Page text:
The U.S. Court of Appeals for the 11th Circuit has ruled against a woman who claimed she was discriminated against when her employer refused to hire her. She claimed that the action was based solely on her dreadlocks, and in doing so, the employer was engaging in racial discrimination. However, the court found that the dreadlock ban implemented by Catastrophe Management Solutions was not in violation of federal law.
The woman was hired by the company in 2010 on the condition that she cut her hair to come into compliance with grooming standards. When she refused to do so, the job offer was rescinded. According to the Equal Employment Opportunity Commission, this was discriminatory because dreadlocks are mostly worn by those of African descent. The court interpreted other statements by the EEOC to mean that discrimination could also occur if a white employee was fired for wearing dreadlocks in support of a black colleague.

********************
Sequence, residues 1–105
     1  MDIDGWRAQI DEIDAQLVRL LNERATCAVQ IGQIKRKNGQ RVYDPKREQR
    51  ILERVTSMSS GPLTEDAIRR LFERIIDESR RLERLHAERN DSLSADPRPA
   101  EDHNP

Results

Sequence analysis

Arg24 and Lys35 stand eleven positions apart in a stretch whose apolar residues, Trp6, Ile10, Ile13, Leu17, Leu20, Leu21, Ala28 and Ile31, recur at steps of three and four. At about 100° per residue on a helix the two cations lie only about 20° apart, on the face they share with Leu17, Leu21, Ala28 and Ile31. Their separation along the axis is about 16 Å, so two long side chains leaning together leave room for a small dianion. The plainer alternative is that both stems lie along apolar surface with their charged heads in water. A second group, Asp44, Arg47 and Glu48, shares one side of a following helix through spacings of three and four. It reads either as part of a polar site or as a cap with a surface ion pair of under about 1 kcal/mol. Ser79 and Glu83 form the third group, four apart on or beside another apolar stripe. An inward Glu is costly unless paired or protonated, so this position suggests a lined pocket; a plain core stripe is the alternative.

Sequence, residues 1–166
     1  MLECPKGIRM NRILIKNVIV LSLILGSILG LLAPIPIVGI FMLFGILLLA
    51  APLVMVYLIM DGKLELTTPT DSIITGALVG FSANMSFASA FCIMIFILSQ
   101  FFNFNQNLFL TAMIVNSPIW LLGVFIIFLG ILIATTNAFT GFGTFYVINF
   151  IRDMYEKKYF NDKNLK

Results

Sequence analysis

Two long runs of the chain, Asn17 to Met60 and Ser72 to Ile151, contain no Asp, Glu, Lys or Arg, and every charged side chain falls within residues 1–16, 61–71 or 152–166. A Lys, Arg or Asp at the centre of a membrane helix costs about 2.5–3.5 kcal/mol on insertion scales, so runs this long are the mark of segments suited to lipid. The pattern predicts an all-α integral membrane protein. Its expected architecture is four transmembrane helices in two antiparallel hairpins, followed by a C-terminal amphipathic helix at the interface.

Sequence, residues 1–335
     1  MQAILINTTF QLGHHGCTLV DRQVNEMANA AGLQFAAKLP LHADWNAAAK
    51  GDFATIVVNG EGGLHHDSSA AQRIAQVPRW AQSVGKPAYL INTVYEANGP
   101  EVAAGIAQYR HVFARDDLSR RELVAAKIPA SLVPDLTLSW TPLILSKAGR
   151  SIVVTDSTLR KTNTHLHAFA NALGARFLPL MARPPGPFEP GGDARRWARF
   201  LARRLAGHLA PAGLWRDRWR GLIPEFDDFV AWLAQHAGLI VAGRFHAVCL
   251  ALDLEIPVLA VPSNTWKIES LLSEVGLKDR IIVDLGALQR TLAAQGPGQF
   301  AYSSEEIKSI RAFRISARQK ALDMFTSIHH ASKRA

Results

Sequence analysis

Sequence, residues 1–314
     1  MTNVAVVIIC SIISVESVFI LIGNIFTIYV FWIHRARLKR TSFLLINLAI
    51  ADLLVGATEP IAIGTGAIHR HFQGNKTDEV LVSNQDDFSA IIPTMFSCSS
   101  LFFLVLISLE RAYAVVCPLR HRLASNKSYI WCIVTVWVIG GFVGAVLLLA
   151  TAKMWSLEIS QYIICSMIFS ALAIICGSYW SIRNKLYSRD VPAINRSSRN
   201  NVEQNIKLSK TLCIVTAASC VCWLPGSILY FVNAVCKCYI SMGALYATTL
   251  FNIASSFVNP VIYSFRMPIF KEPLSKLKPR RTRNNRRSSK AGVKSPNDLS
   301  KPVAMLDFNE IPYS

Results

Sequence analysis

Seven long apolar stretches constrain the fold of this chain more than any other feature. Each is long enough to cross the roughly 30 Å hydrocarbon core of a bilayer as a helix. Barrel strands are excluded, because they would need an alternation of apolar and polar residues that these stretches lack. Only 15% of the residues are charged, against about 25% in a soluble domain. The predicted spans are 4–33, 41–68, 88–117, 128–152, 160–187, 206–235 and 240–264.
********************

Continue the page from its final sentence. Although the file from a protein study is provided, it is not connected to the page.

However, case law generally defines race based on skin color and other objective traits. The EEOC tried to argue that race was more of a social construct as opposed to merely biological in nature. Although the appellate court acknowledged that the definition of race can change over time, previous rulings have considered the biological aspects of race as opposed to the cultural aspects.
Although the court dismissed this particular case, workplace discrimination based on race remains a problem around the country. This can happen during the interviewing and hiring process as well as during a person’s period of employment. Those who believe that they have been the victim of this type of behavior may want to meet with an attorney to see what recourse they may have.